Tuesday, November 7, 2017
The Welcome Home Diner by Peggy Lampman
Two women, cousins decide to open their dream diner in Detroit and attempt to rejuvenate a distressed neighborhood. Addie is driven, determined to match her life to the schedule she laid out for herself years ago and not willing to stop until she has everything she wants. Sam is more laid-back, taking life as it comes. She does the baking while Addie does the books and runs the front. They hire neighborhood residents as kitchen and wait staff and their goal is to provide healthy, tasteful meals in the farm to table tradition so popular currently and to provide an alternative to the fast food choices the residents have now.
The two women grew up sharing summers on their Polish grandparents' farm, learning to cook from their grandmother. She taught them the traditional Polish dishes handed down from generation to generation in their family. Sam's parents were also farmers, former hippies who came back home to start their own farm and raise goats. Addie's parents were more into money and influence and their marriage broke apart while Addie was still a young girl. For both girls, the summers were beacons in their lives and strengthened the bond between them until they were more like sisters than cousins.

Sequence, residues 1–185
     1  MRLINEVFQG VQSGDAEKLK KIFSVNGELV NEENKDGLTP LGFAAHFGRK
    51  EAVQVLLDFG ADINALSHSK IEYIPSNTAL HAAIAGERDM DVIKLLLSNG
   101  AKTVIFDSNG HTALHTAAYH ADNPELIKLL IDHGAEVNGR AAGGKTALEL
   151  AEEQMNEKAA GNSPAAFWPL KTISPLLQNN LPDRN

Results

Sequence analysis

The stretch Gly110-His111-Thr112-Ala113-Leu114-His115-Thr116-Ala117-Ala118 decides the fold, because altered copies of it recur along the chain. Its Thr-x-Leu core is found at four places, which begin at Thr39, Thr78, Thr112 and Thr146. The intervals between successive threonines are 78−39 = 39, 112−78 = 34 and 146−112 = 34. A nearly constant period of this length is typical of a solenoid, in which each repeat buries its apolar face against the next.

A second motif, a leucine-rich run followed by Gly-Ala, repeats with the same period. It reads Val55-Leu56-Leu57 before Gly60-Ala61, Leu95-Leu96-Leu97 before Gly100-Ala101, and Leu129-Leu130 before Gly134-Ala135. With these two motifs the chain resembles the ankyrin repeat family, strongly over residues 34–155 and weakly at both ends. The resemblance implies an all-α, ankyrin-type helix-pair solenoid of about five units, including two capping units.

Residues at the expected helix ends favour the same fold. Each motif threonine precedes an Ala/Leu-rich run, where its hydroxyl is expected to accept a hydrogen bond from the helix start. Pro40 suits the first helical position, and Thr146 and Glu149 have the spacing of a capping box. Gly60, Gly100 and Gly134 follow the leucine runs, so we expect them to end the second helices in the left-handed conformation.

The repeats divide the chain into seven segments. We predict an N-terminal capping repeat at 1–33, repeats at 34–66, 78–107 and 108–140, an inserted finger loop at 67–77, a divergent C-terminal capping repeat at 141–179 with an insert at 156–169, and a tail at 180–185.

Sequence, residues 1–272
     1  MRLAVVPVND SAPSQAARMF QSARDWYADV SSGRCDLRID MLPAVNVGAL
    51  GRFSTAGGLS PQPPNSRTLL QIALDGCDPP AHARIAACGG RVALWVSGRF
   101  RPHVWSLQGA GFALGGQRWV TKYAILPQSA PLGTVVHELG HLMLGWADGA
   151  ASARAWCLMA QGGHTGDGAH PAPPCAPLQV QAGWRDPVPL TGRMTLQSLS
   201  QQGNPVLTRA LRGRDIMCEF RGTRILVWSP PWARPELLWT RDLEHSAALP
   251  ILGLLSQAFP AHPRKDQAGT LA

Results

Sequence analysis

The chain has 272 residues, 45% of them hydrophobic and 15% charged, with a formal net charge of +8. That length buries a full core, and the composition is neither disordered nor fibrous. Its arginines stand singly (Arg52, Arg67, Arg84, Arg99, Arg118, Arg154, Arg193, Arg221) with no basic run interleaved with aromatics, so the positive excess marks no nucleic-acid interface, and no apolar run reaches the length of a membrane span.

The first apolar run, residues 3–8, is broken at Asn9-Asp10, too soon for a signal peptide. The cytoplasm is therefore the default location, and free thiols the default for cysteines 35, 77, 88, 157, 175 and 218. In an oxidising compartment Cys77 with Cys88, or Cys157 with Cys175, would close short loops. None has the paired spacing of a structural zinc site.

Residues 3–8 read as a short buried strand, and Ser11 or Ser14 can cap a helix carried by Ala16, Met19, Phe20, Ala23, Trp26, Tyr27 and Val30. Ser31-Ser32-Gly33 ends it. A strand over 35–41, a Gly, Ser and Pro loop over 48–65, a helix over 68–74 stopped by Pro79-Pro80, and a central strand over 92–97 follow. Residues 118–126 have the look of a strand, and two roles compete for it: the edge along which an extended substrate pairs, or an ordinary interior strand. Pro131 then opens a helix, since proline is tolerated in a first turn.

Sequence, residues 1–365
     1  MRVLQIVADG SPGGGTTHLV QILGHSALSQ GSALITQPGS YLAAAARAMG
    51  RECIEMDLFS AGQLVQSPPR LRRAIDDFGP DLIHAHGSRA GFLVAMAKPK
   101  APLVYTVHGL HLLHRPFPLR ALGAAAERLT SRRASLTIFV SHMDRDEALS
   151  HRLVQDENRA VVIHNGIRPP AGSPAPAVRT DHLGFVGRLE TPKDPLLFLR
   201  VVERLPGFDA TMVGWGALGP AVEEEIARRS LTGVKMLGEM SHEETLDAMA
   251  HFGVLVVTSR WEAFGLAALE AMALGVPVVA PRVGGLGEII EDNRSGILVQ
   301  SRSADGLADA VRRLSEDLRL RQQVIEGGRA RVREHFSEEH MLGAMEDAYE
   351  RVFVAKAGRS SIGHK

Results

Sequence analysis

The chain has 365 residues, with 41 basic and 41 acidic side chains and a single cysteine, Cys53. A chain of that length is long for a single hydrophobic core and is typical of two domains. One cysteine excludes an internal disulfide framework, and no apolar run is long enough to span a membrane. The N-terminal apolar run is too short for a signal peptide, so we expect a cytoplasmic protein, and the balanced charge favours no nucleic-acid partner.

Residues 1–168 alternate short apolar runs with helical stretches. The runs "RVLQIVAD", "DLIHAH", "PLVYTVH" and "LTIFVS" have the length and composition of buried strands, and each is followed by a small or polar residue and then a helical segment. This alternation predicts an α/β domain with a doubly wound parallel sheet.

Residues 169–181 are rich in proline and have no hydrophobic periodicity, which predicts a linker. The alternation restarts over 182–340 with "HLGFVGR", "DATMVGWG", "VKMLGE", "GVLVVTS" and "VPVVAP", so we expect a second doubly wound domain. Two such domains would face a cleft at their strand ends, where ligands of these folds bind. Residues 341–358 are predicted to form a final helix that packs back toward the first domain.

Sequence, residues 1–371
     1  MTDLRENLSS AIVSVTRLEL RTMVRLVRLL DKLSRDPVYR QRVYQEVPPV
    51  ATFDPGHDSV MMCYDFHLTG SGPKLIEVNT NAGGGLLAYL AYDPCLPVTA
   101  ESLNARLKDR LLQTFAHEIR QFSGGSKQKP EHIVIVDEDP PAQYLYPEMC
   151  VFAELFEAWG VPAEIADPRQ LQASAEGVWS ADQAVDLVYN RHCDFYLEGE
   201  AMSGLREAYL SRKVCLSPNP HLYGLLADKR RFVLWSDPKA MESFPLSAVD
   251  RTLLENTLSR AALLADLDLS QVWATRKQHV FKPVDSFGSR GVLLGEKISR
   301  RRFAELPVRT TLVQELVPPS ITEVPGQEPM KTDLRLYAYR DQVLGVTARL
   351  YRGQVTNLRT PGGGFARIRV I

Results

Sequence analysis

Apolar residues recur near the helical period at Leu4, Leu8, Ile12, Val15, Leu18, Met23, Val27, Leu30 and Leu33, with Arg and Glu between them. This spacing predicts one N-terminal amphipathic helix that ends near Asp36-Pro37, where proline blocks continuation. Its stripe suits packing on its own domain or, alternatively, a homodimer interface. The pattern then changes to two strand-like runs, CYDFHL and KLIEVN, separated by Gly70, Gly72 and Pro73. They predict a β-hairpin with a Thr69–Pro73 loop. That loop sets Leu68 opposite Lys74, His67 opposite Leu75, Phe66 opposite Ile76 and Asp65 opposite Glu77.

The diner is a huge undertaking but it seems that it is going to make it. Then stresses start to hit. The tables are crowded but it is white professionals that discover the diner and rave about it. The neighborhood people they hoped to serve want no part of them, seeing them as interlopers. They run afoul of a business that preys on new start ups and when they cut their contract, try to intimidate them. Worst of all, they develop a mystery stalker who gives them bad reviews on social media, making outright lies about the diner such as their water is tainted or their food is underdone making customers sick. Will the stresses they face and their differing personalities pull the women apart and put an end to their dream?
Peggy Lampman has written an entertaining tale about how to make a dream come true. She doesn't sugarcoat the hard work that goes into it, or the difficulty of working with people unlike you towards a common goal. The various cultures represented by the women and their employees as well as the traditional neighborhood are presented in a valuing way. The love lives of the women, which match their basic personalities, are explored as well. The book ends with some of the recipes talked about in the story of the diner. This book is recommended for readers of women's literature as well as those who enjoy reading about food related topics.